Lord Porter: The government must address the growing funding gap facing local services

Posted On: 
23rd April 2018

Cash-strapped councils are struggling to cope. While the Local Government Association is on hand to provide practical support, central government must take steps to address the funding gap before services suffer, warns LGA chair Lord Porter

"Councils are being forced to divert ever-dwindling resources from local services such as filling potholes to try and plug growing funding gaps in adult social care and children’s services."
Credit: 
PA

Dealing with increased demand for local services at a time when funding has been reduced is the biggest challenge facing councils right now.

The recent National Audit Office (NAO) report on the financial sustainability of local government shows that councils’ financial health isn’t getting any better. It sets out the consequences on local services and warns of uncertain times ahead.

But councils, with the support of the Local Government Association (LGA), have been rising to the challenge and doing all they can to be innovative and come up with ways of doing more with less.

While the LGA has been extremely vocal in getting our message across to government about the financial pressures our members are under, we have been playing an equally important role in supporting councils via our sector-led improvement offer.

The LGA recognises that when resources get tighter, good financial management is more important than ever. This is why we run a peer challenge programme, which sees both members and officers (including finance experts), giving councils invaluable insight into how they are performing, by looking at their strategies, financial planning and delivery, so councils can assess how they might improve. We deliver more than 100 peer challenges, of all types, per year.

The LGA also has a team of finance improvement and sustainability advisers ¬– all former local government finance directors who work one-to-one with councils to carry out ‘lighter touch’ reviews and give practical financial and budgetary advice, based on their experience.

The government said it “firmly believes” that councils should be able to access the training they need, which is why it funds the LGA for sector-led improvement work. And our members recognise the importance and value of this too, with 96% of council leaders and 95% of council chief executives saying the support they have had from the LGA had a positive impact on their authority.

The LGA is also very active on the parliamentary scene, bringing our concerns around a range of issues, not just local government funding, to the attention of MPs and peers through briefings for parliamentary debates in the Commons and Lords, and also by submitting written and oral evidence to parliamentary inquiries.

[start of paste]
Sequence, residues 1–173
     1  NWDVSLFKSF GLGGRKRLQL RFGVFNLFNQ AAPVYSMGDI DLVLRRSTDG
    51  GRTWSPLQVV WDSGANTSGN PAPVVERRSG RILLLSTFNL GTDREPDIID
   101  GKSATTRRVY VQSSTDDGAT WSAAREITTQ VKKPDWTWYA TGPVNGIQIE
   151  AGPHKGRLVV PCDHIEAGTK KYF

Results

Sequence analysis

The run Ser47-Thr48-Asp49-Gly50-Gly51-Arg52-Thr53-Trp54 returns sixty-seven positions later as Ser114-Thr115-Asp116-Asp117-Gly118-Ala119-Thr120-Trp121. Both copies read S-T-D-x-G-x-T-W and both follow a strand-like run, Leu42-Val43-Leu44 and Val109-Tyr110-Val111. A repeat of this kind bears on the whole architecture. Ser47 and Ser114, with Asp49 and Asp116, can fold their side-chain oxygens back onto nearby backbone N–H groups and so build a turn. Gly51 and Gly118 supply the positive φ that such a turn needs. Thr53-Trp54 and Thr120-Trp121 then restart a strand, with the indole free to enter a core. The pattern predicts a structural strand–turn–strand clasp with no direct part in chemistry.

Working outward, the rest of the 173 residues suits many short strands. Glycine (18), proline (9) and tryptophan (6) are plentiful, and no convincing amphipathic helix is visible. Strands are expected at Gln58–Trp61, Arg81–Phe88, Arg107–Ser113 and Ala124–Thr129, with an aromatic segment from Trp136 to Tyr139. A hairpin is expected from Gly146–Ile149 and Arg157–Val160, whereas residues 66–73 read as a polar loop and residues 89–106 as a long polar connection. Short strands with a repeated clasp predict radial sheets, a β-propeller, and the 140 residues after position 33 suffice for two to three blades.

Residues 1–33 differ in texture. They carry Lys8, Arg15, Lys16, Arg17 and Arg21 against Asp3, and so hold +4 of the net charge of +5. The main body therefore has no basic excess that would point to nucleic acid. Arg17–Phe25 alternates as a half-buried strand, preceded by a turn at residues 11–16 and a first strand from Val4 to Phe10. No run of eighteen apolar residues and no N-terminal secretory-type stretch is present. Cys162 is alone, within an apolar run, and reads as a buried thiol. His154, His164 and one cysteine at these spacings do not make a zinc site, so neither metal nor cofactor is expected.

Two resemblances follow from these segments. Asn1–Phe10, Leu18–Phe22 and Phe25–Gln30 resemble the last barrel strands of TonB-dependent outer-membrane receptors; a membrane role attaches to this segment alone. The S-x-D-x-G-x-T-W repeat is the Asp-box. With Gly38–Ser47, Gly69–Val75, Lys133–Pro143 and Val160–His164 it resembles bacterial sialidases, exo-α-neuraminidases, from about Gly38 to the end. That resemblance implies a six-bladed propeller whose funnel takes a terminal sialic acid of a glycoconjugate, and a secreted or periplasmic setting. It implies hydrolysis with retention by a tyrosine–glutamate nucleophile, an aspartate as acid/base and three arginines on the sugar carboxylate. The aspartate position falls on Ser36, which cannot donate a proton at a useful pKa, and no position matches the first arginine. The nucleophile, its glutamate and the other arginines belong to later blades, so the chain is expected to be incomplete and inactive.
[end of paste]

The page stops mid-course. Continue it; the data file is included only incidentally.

In addition, we campaign on a whole host of areas, such as building local public services for the future, changing children’s lives, devolving employment and skills, and bringing to life the work of local government in our annual 24-hour tweetathon .

But despite the innovative ways in which the LGA and councils have been responding to the financial challenges of recent years, there is only so much they can do.

We’ve been clear of the need to secure the financial sustainability of local government, which faces an overall funding gap that will exceed £5bn by 2020, and the NAO’s report is confirmation of what we have been saying all along.

We understand that there isn’t a magic money tree and that the government has needed to make savings. But let’s not forget that councils provide 1,300 different statutory duties and responsibilities which our communities rely on day in, day out and their ability to continue doing so has become increasingly under strain.

The NAO rightly recognises that councils are being forced to divert ever-dwindling resources from local services such as filling potholes, maintaining our parks and green spaces, and running children’s centres, leisure centres and libraries, to try and plug growing funding gaps in adult social care and children’s services.

It also highlights how many councils are already doing what many households would when they’re struggling and in need of extra cash – turning to their savings. But as any household will know, you can’t keep dipping into your savings; sooner or later the money will run out. This is what the NAO means when it says that the current system is not financially sustainable.

This is why we are calling on the government to address the growing funding gap facing local services by allowing local government as a whole to keep every penny of business rates collected.

With the right level of funding, councils will be able to continue making a difference to people’s lives, whether it’s through building desperately needed new homes, creating jobs and school places, or providing dignified care for older and disabled people.

Lord Porter is a Conservative peer and chair of the Local Government Association